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That is the pretty damning viewpoint of Liam Halligan in an article about Tory economic strategy in this morning’s Sunday Telegraph.

He continues:

"For months, HM Opposition has remained tight-lipped about what it would actually do to escape this crisis, content just to throw darts at Labour and
score political points. The Tory High Command knows if they say nothing specific, and offend no-one, they’ll win the next election, so sick is the public of Labour and, in particular, Gordon Brown. As a political strategy, that’s difficult to fault. If their sole objective is to become Chancellor and become Prime Minister, that’s what Messrs Osborne and Cameron should do.

But they need to raise their sights and vow to enter office not by default, but having built a stock of genuine credibility with both financial markets and the public. At the moment, that’s not happening – which is a disaster, as the next Government will need credibility in spades to even begin the task of rescuing the UK economy."

In defence of the Tory frontbench, the extent of the economic mess which needs to be sorted out will not be clear until day one of a Cameron Government when George Osborne is given the key to 11 Downing Street and he gets to look at the books for himself. The Government’s predictions of where we’re at have been hugely optimistic and we can expect to see Alistair Darling having to revise all his forecasts in the Budget at the end of next month.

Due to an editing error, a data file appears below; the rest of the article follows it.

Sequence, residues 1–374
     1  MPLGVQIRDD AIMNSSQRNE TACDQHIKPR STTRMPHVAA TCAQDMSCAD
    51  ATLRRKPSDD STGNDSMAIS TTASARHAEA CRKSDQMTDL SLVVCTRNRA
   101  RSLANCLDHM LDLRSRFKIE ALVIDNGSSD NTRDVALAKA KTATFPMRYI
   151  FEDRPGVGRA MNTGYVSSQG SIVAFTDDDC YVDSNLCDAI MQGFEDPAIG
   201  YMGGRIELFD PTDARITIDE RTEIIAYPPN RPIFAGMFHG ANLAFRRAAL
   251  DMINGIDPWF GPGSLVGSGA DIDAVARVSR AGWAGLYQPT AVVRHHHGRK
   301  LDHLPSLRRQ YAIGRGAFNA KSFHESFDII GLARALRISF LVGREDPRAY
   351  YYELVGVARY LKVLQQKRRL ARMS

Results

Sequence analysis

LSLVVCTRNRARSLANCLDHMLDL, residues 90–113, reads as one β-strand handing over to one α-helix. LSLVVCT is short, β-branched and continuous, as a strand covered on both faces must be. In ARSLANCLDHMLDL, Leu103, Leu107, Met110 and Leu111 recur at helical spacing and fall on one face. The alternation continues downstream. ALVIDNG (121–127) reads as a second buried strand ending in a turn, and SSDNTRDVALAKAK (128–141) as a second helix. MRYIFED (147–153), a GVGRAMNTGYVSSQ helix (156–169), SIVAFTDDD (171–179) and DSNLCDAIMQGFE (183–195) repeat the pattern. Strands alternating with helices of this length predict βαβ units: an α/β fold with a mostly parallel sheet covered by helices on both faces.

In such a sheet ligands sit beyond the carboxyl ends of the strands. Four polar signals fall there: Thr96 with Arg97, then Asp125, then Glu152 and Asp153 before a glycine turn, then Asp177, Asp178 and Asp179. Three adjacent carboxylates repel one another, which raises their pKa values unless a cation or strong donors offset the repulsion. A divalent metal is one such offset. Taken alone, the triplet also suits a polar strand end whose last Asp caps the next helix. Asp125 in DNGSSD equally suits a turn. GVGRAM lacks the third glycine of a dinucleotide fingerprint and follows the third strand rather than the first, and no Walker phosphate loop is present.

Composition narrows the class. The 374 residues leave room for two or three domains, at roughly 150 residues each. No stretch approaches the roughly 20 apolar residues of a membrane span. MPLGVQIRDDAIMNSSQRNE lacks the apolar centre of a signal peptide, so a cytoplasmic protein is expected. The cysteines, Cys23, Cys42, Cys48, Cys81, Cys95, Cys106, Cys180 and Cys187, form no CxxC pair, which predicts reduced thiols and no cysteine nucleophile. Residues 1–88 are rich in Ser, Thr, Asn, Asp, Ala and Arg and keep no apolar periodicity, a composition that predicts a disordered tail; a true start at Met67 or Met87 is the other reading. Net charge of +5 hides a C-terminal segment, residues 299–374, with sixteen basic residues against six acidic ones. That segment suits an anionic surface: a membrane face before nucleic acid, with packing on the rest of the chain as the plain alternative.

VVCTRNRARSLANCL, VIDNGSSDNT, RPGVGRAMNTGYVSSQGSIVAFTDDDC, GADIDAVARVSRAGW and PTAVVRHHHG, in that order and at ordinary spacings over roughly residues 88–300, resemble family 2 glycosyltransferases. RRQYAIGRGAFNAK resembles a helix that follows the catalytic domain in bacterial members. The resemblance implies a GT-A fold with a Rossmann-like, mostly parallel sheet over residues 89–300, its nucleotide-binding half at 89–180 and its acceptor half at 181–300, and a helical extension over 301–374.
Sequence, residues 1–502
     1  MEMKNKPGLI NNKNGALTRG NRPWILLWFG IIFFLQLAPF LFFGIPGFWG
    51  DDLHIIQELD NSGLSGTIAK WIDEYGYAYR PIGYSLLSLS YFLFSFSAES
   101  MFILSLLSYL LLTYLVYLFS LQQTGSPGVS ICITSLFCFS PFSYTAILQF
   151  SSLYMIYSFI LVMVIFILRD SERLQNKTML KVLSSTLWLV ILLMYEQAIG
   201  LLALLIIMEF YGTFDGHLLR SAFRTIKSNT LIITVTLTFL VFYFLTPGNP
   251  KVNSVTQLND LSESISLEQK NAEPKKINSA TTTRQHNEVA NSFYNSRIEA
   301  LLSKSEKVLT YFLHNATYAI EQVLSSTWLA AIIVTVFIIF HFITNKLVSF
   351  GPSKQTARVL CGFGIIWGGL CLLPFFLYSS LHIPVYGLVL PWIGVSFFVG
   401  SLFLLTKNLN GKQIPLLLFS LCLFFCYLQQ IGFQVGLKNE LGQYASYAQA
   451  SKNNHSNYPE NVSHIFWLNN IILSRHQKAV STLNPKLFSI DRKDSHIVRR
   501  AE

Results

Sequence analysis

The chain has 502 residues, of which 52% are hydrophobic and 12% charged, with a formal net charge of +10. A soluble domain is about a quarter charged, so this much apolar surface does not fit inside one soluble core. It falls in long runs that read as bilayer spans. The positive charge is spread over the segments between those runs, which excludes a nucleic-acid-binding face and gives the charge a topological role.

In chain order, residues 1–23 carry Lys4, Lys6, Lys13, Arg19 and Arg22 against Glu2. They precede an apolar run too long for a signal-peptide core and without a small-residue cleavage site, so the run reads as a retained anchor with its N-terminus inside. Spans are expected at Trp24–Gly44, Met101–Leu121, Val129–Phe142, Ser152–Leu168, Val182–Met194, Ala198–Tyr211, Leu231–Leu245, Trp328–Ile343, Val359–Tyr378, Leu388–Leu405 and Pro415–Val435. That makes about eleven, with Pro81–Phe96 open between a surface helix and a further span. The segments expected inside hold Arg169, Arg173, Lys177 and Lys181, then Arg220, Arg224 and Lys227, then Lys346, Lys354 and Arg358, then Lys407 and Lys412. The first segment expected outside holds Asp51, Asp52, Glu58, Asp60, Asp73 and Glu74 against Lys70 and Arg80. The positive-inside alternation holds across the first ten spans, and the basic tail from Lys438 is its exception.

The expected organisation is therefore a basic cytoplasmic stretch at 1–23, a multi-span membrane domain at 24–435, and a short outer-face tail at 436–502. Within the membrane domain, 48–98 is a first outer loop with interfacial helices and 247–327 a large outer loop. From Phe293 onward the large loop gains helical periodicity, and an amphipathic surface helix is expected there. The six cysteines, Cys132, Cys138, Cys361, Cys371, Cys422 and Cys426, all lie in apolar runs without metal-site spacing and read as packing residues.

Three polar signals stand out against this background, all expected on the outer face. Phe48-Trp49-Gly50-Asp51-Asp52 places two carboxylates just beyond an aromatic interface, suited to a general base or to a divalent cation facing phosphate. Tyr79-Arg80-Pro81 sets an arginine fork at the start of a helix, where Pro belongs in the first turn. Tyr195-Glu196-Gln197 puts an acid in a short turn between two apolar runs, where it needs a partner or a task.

As such, with the Government position on the ownership of banks and
so changing by the month, the Conservatives can hardly be expected to
set out a full set of economic policies at this juncture.

However, where Liam Halligan’s piece will chime with many is his
frustration at the Conservative Party’s willingness to attack Labour
without even seeming to state whether they actually support or oppose
measures being implemented by the Government, never mind setting out an
alternative blueprint.

Yesterday’s further bailout of Lloyds
was a case in point, with a two-sentence soundbite put out by George
Osborne for the first editions and a second four-sentence statement
from him being released later in the day.

Of course he is right to attack the Government and to point out that
the country is in the position it is because of failures by Gordon
Brown as Chancellor and Prime Minister.

But I do think that those statements from the Tories need to include
some more specific messages about what the party would be doing
differently in tackling the crisis.

Jonathan Isaby

33 comments for: “Last Friday’s ‘uncomfortable truths’ speech by Shadow Chancellor George Osborne was a minor break-through. But the rhetoric is still too feeble and explicit policies barely exist”

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